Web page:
and the moon; or, rather, the sun, and not the moon, –

for it shines bright, and never changes, but keeps his

course truly. If thou would have such a one, take me:

and take me, take a soldier; take a soldier, take a king:

and what say’st thou, then, to my love? speak, my fair,

and fairly, I pray thee.

KATHARINE:

Is it possible dat I sould love de enemy of France?

KING HENRY:

No; it is not possible you should love the enemy of

France, Kate: but, in loving me, you should love the

friend of France; for I love France so well, that I will not

part with a village of it; I will have it all mine: and, Kate,

when France is mine and I am yours, then yours is

France and you are mine.

-William Shakespeare, King Henry the Fifth (1598-1599)

The end of the quest, sir frank dicksee

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CAMBRIDGE:

I do confess my fault;

And do submit me to your highness’ mercy.

GREY and SCROOP:

To which we all appeal.

KING HENRY:

The mercy that was quick in us but late,

By your own counsel is suppress’d and kill’d:

For your own reasons turn into your bosoms,

As dogs upon their masters, worrying you.

See you, my princes and my noble peers,

These English monsters!

– – –

CAMBRIDGE:

For me, the gold of France did not seduce;

Although I did admit it as a motive

The sooner to effect what I intended:

But God be thanked for prevention;

Which I in sufferance heartily will rejoice,

Beseeching God and you to pardon me.

GREY:

Never did faithful subject more rejoice

At the discovery of most dangerous treason

Than I do at this hour joy o’er myself,

Prevented from a damned enterprise:

My fault, but not my body, pardon, sovereign.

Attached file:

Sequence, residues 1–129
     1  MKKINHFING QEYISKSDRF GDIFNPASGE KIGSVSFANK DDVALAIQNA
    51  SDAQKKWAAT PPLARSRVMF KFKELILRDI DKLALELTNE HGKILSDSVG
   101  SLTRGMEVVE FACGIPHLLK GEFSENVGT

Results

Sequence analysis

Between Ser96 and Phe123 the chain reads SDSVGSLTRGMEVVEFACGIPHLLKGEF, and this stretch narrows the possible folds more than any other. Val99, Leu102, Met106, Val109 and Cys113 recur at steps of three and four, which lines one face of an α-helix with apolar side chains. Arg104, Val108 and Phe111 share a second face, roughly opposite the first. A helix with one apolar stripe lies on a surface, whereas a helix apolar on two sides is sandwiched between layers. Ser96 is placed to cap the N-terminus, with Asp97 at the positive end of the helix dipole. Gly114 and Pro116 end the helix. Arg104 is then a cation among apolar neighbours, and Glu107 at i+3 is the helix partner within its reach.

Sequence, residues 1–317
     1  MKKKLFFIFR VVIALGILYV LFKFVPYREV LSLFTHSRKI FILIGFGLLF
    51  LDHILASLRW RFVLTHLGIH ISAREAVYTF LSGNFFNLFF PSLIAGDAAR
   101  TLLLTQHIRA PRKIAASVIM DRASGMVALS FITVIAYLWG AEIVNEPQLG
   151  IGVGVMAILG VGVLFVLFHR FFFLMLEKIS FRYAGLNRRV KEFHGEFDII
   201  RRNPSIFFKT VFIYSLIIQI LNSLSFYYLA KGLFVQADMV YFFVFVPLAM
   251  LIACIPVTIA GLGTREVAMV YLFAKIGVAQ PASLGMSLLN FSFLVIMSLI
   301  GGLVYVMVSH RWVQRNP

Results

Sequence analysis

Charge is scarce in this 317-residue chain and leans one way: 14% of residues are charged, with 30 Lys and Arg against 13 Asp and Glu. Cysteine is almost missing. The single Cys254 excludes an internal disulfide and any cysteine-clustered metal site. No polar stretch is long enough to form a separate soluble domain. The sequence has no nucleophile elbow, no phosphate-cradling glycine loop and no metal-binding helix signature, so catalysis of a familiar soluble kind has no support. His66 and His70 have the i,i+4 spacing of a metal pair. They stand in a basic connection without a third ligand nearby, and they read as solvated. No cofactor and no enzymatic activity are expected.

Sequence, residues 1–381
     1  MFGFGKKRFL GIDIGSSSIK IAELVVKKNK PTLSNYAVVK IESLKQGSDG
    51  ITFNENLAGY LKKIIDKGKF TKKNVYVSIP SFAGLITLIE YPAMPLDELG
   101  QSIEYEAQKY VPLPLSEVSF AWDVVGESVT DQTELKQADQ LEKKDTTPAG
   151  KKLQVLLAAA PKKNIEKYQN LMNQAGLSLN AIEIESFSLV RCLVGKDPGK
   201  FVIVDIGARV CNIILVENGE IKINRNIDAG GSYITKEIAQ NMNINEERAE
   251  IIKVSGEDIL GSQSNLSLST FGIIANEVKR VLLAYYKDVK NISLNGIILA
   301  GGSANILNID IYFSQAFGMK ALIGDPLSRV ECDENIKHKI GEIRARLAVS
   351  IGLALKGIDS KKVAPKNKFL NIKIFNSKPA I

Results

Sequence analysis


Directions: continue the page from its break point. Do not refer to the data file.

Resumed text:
KING HENRY:

God quit you in his mercy! Hear your sentence.

You have conspired against our royal person,

Join’d with an enemy proclaim’d, and from his coffers

Receiv’d the golden earnest of our death;

Wherein you would have sold your king to slaughter,

His princes and his peers to servitude,

His subjects to oppression and contempt,

And his whole kingdom into desolation.

Touching our person, seek we no revenge;

But we our kingdom’s safety must so tender,

Whose ruin you have sought, that to her laws

We do deliver you. Get you, therefore, hence,

Poor miserable wretches, to your death:

The taste whereof, God of his mercy give

You patience to endure, and true repentance

Of all your dear offences! – Bear them hence.

-William Shakespeare, King Henry the Fifth (1598-1599)

Vi ser verden i stykker

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Which when BEELZEBUB perceiv’d, then whom,

SATAN except, none higher sat, with grave

Aspect he rose, and in his rising seem’d

A Pillar of State; deep on his Front engraven

Deliberation sat and publick care;

And Princely counsel in his face yet shon,

Majestick though in ruin: sage he stood

With ATLANTEAN shoulders fit to bear

The weigth of mightiest Monarchies; his look

Drew audience and attention still as Night

Or Summers Noon-tide air, while thus he spake.

– John Milton, Paradise Lost (1667)

Majestick though in ruin_sage he stood